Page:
The US government's cybersecurity could be a lot better than it is, and President Barack Obama's cyber czar knows why it's in such rough shape.
Michael Daniel was cybersecurity coordinator during Obama's last four years in office. We caught up with him at Black Hat on Thursday, more than six months after Obama left the White House, to talk about President Donald Trump's policies on security, what attacks Americans should be looking out for and the trouble with getting people to listen.
A lot has changed for security in the six months since Trump moved into the White House on Jan. 20. Trump signed an executive order calling for an overhaul on cybersecurity, investigators continue to dig into Russian influence on the election via hacked emails and the world received a wake-up call from not one, but two massive ransomware attacks.
As for Daniel, he's now the president of the Cyber Threat Alliance, a collective of security experts and researchers dedicated to protecting the world from hacks, vulnerabilities and exploits.
This interview has been edited and condensed for our Q&A format.
Q: How is the state of cybersecurity for the average American?
Daniel: It has certainly gotten better. There is a much higher level of awareness of cybersecurity as an issue.
Unfortunately, the threat landscape continues to evolve very rapidly. We keep hooking up more and more stuff to the internet, so now it's not just your desktop or your laptop or even your mobile device, but it's also your refrigerator, your Fitbit, your car.
The frequency, scope and scale of the adversary's malicious activity has continued to grow, and we are becoming more digitally dependent. Incidents that would have been a nuisance 25 years ago are now disrupting business.
I'm old enough to remember that when the network went down, you just did something else for the day. Now if the network goes down, business comes to a halt and people just stop working. That's a very different environment.
Compared with the rest of the world, where does the US stand with its cybersecurity program?
Daniel: We're still among the most sophisticated. Some countries have got very robust sectors, and they have certain aspects that are very advanced. Take Israel for example, or Estonia or even the Netherlands.
But for the scope and scale, it's hard to match the United States.
How has the Trump administration continued some of the policies that you put in place during your time at the White House?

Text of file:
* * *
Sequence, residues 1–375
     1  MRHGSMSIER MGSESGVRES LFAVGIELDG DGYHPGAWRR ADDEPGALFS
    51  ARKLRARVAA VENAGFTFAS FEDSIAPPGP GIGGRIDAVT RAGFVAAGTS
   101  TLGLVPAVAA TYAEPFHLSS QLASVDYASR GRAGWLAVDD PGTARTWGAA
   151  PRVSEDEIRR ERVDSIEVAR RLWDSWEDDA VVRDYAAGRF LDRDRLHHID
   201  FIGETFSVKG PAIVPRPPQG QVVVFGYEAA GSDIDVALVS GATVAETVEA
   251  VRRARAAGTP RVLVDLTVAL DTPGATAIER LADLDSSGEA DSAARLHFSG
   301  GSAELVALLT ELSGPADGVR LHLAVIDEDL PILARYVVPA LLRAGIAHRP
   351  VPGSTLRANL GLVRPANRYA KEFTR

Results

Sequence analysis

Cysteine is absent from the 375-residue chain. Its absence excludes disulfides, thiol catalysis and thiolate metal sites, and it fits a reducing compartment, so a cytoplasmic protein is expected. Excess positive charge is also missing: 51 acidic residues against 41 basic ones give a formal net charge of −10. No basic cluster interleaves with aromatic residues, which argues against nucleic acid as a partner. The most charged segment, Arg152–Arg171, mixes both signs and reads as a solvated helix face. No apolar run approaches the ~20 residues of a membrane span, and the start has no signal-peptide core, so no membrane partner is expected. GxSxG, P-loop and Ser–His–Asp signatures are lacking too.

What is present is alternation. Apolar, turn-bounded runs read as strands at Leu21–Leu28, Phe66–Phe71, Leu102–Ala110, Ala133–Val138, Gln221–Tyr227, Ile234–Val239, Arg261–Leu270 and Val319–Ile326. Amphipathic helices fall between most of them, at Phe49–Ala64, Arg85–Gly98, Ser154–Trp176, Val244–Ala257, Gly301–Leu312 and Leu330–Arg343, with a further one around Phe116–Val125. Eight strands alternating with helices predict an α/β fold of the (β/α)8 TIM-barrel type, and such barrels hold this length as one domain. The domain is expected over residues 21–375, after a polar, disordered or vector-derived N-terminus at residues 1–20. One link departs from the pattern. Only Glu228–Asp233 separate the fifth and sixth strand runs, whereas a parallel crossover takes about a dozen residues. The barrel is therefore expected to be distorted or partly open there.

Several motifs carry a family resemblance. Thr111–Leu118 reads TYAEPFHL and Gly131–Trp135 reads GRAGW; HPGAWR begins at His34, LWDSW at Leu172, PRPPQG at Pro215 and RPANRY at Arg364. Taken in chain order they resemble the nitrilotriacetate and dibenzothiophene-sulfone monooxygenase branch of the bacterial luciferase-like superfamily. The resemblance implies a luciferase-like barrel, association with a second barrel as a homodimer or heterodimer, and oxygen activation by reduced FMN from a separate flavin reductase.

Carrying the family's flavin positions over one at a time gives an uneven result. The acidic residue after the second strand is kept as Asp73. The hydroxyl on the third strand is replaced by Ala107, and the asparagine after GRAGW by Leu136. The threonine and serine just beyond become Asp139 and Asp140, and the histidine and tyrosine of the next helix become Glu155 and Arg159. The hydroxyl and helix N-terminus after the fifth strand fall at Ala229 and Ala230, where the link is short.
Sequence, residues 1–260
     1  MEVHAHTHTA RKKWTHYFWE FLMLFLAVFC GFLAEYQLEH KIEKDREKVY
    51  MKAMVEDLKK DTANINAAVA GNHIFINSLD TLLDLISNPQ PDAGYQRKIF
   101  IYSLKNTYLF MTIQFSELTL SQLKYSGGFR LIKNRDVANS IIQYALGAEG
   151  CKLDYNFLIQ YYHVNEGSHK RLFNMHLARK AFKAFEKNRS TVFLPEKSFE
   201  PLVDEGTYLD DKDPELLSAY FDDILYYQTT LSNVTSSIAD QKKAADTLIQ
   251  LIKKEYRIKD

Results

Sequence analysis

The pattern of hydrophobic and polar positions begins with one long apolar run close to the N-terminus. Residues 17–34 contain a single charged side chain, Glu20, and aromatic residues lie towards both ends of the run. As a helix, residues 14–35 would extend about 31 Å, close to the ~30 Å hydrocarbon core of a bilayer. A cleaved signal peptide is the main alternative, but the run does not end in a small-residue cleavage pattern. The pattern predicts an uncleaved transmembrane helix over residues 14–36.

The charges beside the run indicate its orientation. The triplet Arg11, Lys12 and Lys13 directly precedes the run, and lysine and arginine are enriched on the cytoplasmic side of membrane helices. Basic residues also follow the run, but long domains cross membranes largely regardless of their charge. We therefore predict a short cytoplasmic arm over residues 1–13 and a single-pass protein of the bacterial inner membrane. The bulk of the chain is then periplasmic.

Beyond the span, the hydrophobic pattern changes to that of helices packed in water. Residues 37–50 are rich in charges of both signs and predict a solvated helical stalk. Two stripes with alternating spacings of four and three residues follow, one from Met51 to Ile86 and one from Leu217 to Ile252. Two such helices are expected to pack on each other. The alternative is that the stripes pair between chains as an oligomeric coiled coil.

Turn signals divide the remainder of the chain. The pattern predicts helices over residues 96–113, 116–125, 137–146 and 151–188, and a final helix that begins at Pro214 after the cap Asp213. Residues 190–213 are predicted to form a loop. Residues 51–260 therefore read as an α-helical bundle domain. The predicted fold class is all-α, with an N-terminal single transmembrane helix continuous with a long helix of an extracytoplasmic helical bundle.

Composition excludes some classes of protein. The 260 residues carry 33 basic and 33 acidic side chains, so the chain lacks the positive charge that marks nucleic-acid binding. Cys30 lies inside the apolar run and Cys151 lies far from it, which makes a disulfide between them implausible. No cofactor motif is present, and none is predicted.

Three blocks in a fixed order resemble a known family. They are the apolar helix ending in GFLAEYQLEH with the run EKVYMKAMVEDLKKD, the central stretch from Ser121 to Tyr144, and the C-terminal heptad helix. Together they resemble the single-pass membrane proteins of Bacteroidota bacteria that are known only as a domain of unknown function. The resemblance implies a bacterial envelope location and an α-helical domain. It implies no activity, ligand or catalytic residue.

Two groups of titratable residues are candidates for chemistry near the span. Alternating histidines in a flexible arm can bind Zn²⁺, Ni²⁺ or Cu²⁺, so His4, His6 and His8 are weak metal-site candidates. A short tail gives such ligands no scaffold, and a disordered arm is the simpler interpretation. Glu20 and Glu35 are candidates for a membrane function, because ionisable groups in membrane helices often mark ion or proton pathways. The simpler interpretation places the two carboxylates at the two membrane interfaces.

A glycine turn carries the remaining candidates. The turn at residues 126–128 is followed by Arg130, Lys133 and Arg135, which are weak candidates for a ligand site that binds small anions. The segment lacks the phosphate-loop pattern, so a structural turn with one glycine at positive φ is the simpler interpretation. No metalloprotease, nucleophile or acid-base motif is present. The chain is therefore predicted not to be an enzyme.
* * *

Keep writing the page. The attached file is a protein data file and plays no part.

Daniel: If you look at the executive order that came out, most of the reports that are called for in there are related to ideas that we were pursuing toward the end of the Obama administration. So, the idea of holding senior government officials accountable for cybersecurity was policy that we were trying to pursue. Moving more toward shared services across the government.
Internationally, the Trump administration has continued to promote the development of the norms of behavior in cyberspace. There's actually been a fair amount of continuity between this administration and the Obama administration.
What are some of the differences between the Obama and Trump administrations on cybersecurity?
Daniel: Even though we're six months into the administration, I think that they're still filling out their senior positions, so it's a little difficult to tell how that's going to ultimately play out.
What do most Americans misunderstand about the US military and national cyberdefense?
Daniel: Cyber is one of those issues where it doesn't behave according to the same rule set about objects in the physical world. There's kind of this idea that we can do cyberdefense like we do missile defense. Like we can watch for malicious activity coming in and we can stop it before it gets to the United States, and that's just not how cybersecurity is going to work.
We also have this mental model that we can treat cybersecurity like a border security issue, and it's not really amenable to that. The way that cyberspace works is not amenable to treating it that way.
Will there ever be a point where the US government takes responsibility for private industries in cybersecurity? The same way that most stores have tax-paid police handle crimes instead of their own security team.
Daniel: I don't think that the government will take on sole responsibility for cybersecurity. To extend your analogy, we do expect that Walmart has security cameras, and is able to lock their doors at night.
We do expect people to lock their doors and have a basic level of protection for themselves. What we need to think about is, "How do we have a robust discussion of how we allocate responsibility between the private sector and the government?"
I think most Americans would say, "We actually don't want the federal government trying to protect us from all cyberthreats all the time." Philosophically, that's not a role that we want the government to play. But you're also correct that it is also not really realistic to expect a private company to take on a nation-state in cyberspace.
How to work out that division of responsibility is actually one of the key policy questions that we are going to face over the next three, four, five years.
If you were still the White House's cybersecurity coordinator, what would you do differently?
Daniel: Drawing on my time in that position, you've got to continue driving forward the discussion on federal cybersecurity and moving toward modernizing the federal IT systems, moving toward shared services, continuing the efforts to better protect our critical infrastructure and continuing to develop our ability to disrupt what the bad guys are doing.
We were on a pretty good trajectory when the administration came to an end. To the extent that this administration could just build on that foundation -- that's a good thing.
Why is modernizing federal IT so difficult?
Daniel: The incentive structure is all wrong. If you are a senior manager in an agency, it is fairly easy to get money to keep an old system going, and incredibly difficult to get money to buy a new system.
The incentive structure is all designed to keep old systems going, and I think that's one of the key challenges.